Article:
One growing social network for members of the military and veterans is RallyPoint, which many describe as the “LinkedIn for the Military.” It’s a professional network where active military members and veterans connect and also explore both military and civilian jobs. Although it’s a semi-private network reserved for military, veterans, and family, recruiters and civilian supporters can sign up as well but have limited access to user profiles.
There are many ways to target veteran job candidates on social media, from finding the right online communities to optimizing your posts with the right hashtags. Go here to read 3 Ways You Can Use Social Media to Hire Veterans.
— Amtrak Veteran Jobs (@AmtrakVets) October 6, 2014
Not Involving Your Entire Organization in the Diversity Effort
Organizations that build diversity from the inside-out are best positioned to create lasting change in their organizations. Here are a few ways to get started:
- Outline the ways you’d like to improve your diversity within the organization, and communicate it to your entire team. Highlight the points of your strategy and how it’s been achieved,
- Include diversity as part of your mission statement and display it on your website and marketing material. One of the first things a potential recruit will do in researching your company will be to look at your website. If it does not state and show a high value for diversity, there is a good chance that recruit will look elsewhere.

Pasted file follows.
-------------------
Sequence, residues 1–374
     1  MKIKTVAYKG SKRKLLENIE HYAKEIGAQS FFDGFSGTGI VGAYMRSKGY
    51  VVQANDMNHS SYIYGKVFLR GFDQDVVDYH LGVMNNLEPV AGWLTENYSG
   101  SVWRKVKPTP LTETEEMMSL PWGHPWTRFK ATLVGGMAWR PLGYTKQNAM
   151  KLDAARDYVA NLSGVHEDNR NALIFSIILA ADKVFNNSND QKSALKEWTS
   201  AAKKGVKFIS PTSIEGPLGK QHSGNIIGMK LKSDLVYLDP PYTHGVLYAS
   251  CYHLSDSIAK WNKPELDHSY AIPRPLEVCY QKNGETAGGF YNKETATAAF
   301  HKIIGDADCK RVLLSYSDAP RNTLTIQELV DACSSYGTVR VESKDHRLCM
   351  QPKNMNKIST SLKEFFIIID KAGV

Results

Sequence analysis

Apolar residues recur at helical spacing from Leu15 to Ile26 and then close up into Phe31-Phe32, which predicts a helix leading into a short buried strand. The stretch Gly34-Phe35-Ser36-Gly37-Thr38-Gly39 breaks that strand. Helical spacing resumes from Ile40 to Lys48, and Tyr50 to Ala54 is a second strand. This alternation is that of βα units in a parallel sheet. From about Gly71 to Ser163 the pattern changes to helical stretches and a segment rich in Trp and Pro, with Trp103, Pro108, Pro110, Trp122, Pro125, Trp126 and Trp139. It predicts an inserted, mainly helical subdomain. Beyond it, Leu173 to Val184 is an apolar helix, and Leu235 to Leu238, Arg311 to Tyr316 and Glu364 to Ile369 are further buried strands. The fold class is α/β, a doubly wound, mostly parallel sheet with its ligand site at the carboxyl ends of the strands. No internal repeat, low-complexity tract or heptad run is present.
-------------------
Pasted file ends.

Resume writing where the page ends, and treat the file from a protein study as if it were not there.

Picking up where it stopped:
- Include diverse groups during strategic and operational meetings, accounting for multiple perspectives and angles of approach.
- Take a diversity temperature through internal surveys and polls. Learn more about what is important to all of your employees, and incorporate solutions which account and work for everyone.
Not Tailoring the Hiring Process To Diversity & Veteran Candidates
One example of how diversity and veteran hiring can break down in the sourcing and hiring process is the struggle to translate military skills over to civilian occupational vocabulary. Clients like AT&T have tailored their career site to veteran candidates by integrating an AT&T MOS Translator Search bar within the site that helps translate Military Occupational Code into language understood by the civilian working world.
There are many other ways organizations can improve their hiring process for diversity candidates. One way is to create or integrate your diversity effort into your referral program. Reach out to current military veteran employees for referrals; they may already be involved in groups and local communities you hope to engage. Lastly, designate a Diversity Officer for your organization for interested parties to contact with questions about your Diversity Program and to serve as a liaison for prospective and onboarding employees.
Watch the webinar on-demand: Diversity 101: How to Recruit Military Veterans on Social Media. For further reading, check out Moving Beyond the Numbers: How to Recruit and Retain a Diverse Workforce.
Follow us at @CareerArc share your best practices in diversity and veteran hiring on #talkHR.